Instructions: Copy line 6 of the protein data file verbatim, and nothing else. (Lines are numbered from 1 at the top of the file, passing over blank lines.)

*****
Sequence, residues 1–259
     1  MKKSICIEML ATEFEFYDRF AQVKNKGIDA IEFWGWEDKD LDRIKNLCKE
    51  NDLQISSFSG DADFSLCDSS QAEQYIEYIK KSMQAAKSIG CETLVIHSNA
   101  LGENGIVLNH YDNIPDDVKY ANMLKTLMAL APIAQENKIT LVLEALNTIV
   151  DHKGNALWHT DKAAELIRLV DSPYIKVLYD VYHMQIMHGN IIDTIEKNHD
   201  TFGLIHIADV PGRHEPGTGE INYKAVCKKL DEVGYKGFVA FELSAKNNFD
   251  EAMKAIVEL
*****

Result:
   201  TFGLIHIADV PGRHEPGTGE INYKAVCKKL DEVGYKGFVA FELSAKNNFD